Early-life physical performance predicts the aging and death of elite athletes.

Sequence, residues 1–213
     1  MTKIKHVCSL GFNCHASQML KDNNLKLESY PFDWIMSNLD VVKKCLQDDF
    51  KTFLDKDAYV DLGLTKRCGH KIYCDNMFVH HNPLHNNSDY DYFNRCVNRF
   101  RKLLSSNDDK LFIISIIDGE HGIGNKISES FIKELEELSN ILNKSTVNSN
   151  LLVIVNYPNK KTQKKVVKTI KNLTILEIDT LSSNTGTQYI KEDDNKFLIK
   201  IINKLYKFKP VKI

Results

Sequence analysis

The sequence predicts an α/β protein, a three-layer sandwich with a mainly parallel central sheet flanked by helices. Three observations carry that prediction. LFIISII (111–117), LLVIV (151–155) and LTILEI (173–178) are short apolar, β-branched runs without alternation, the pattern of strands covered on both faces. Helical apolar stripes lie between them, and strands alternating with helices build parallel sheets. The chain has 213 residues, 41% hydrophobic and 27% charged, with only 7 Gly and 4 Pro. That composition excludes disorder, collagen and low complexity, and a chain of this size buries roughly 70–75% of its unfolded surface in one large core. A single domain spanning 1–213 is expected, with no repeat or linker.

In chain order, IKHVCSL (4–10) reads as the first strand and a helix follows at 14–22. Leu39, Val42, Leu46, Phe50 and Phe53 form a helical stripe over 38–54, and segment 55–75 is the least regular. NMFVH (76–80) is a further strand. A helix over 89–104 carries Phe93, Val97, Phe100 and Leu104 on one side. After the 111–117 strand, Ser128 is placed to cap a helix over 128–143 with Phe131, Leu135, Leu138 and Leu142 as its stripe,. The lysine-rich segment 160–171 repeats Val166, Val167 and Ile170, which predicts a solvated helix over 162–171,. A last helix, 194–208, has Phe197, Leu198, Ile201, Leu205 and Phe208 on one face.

Athleticism and the mortality rates begin a lifelong trajectory of decline during early adulthood. Because of the substantial follow-up time required, however, observing any longitudinal link between early-life physical declines and late-life mortality and aging remains largely inaccessible. Here, we use longitudinal data on elite athletes to reveal how early-life athletic performance predicts late-life mortality and aging in healthy male populations. Using data on over 10,000 baseball and basketball players, we calculate age at peak athleticism and rates of decline in athletic performance to predict late-life mortality patterns. Predictive capacity of these variables persists for decades after retirement, displays large effect sizes, and is independent of birth month, cohort, body mass index, and height. Furthermore, a nonparametric cohort-matching approach suggests that these mortality rate differences are associated with differential aging rates, not just extrinsic mortality. These results highlight the capacity of athletic data to predict late-life mortality, even across periods of substantial social and medical change.